Docetism: A Popular Heresy
Docetism is a Greek word (from dokeĩn/dokesis, meaning “to seem” or “to appear”) and is one of the earliest beliefs which attacked and undermined early Christianity. Essentially, it taught that Jesus was not really incarnate in our flesh, like us in every respect, but rather that He merely appeared to be. Those who affirmed such a belief were referred to as Dokētaí, meaning "Illusionists".
For these “illusionists”, the belief that God would humble Himself and take on every aspect of humanity was so offending that they were compelled to reject the fundamental aspects of Christ’s incarnation. Rather, they asserted Jesus was not the Word made flesh (like us), but that He merely appeared to be; He was “like” but such a resemblance was merely an illusion.
The incarnation – that primary issue that offended early Gnostics, stemmed from their Platonic and Aristotelian presuppositions. They had come to see the material world as evil, while the spirit-realm was good. So, to borrow Christ and co-opt Him into their worldview, they asserted that His human body and subsequent suffering, death, resurrection and ascension were really illusions.
In 325 AD, the First Council of Nicaea unequivocally condemned docetism, but the earliest known reference to the belief can be found in the letters of Ignatius of Antioch (35-108 AD) to the churches of Asia Minor. Clement of Alexandria (150 – 215 AD) also wrote against Docetism, rebuking the docetism of Cassian, who spoke of the body of Jesus as a phantasm. Tertullian (160-220 AD) condemned docestism as representing God as deceptive and points out that Christ bears in His body the scars of His crucifixion.
“For which is more unworthy of God, which is more likely to raise a blush of shame, that God should be born, or that He should die? that He should bear the flesh, or the cross? be circumcised, or be crucified? be cradled, or be coffined? be laid in a manger, or in a tomb?” Chapter V. - Tertullian’s refutation of Marcion
Though this article rightly refers to this teaching as heretical, it does so in the sense that docetism has been rightly condemned for undermining the basic beliefs necessary for effectively understanding salvation in Christ. However, it is worth noting this belief arose not from within Christianity via some misunderstanding early Christians had, but rather this teaching came from outside the Church as Gnostics sought to borrow elements from Christianity to further their own religious teaching on the conflict between the spirit and the material.
Thus far we’ve only considered Docetism as it was thoroughly refuted and warned against by the Apostolic Fathers of the early Church, but the Apostles themselves called such beliefs “anti-Christ” (John 1:14, 1 Timothy 3:16, Romans 1:3, Hebrews 2:14, Phillippians 2:6-7, Romans 8:3).
“By this you know the Spirit of God: every spirit that confesses that Jesus Christ has come in the flesh is from God, and every spirit that does not confess Jesus is not from God. This is the spirit of the antichrist, which you heard was coming and now is in the world already.” 1 John 4:2-3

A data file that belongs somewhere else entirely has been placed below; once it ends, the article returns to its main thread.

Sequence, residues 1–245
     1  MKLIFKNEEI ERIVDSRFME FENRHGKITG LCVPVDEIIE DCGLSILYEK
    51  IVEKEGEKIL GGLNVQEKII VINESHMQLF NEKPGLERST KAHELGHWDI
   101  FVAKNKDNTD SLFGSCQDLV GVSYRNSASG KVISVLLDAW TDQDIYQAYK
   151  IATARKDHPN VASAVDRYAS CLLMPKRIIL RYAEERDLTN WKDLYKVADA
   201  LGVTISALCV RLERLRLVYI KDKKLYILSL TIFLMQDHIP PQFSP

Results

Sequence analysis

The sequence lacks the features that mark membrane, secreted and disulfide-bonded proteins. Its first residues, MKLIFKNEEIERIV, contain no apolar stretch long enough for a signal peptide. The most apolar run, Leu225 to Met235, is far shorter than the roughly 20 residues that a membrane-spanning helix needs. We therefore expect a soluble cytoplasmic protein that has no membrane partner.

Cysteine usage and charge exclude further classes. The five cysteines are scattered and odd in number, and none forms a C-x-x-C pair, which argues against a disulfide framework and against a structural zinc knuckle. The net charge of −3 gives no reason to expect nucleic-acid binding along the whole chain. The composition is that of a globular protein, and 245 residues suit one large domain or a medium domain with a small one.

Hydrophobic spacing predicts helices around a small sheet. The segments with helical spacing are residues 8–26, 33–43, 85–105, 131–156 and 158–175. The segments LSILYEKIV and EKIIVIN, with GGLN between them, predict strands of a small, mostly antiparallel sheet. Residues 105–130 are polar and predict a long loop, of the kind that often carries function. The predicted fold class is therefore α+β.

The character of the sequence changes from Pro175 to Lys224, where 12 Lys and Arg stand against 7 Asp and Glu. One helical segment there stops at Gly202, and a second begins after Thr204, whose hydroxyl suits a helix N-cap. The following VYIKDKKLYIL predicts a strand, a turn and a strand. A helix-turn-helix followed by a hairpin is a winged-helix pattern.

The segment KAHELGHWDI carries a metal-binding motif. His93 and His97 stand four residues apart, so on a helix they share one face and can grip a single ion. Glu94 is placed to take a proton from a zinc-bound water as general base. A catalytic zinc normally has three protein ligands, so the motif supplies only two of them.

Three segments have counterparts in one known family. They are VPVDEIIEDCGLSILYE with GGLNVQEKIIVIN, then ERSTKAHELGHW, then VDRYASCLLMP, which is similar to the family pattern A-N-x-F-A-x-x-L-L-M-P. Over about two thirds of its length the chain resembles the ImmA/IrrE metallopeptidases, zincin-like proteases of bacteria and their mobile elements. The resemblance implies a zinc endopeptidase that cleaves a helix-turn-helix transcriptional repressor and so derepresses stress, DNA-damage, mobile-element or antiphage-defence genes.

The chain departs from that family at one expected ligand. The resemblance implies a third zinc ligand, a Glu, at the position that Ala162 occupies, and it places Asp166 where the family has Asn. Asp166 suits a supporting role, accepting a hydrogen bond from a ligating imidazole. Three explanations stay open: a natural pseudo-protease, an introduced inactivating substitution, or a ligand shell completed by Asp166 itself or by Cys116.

A Second Chance at Corruption
With it's shrinking popularity it seemed that docetism would have vanished along with Gnosticism if not for another heresy, that of Manichaeism. Mani sought to merge Gnostic beliefs and Iranian dualism with Christian soteriology. Like the Gnostics, this led him to attack the incarnation of Christ.
As we addressed previously in our article The Origins of Original Sin, Augustine of Hippo was a Manichaean before his conversion to Christianity. When he converted, he brought his Manichaean baggage with him; rejecting these beliefs initially he would go on to return to them. Where other elements of docetism would come to be rejected and thus disappear into the annals of history, Augustine would develop his doctrine of Original Sin and in doing so, corrupt Christianity at large.
This doctrine of Original Sin has led many self-described Christians to reject the actual incarnation of Christ, claiming Jesus did not come in our flesh – like us in every respect, but rather He only appeared to be like us; He had "special" flesh or only appeared to be a man but was in fact entirely divine. In doing so, proponents of Original Sin are unknowingly promoting docetism and attacking the very incarnation and work of Christ.
Like those early illusionists were offended by God being a man, proponents of Original Sin assume man and the material world is corrupt. Thus these modern Docetists reject the incarnation of Christ - because a corrupt Messiah is no Messiah at all. So they are left claiming their Redeemer was unlike them and consequently this anti-Christ doctrine means He redeemed no one.
So we see that while Scripture and the early Church spent considerable effort in refuting and anathematizing docetism, the Christian Church today has mostly stopped wrestling with docetism, and instead has openly embraced this heresy – many in fact claim it is a fundamental Christian doctrine.
Now we are left with a choice
Do we believe Scripture and the early Church, embracing the incarnation of Christ - our Redeemer, or do we believe a tradition based upon the opinions of a revered ex-cult member whom God has never affirmed?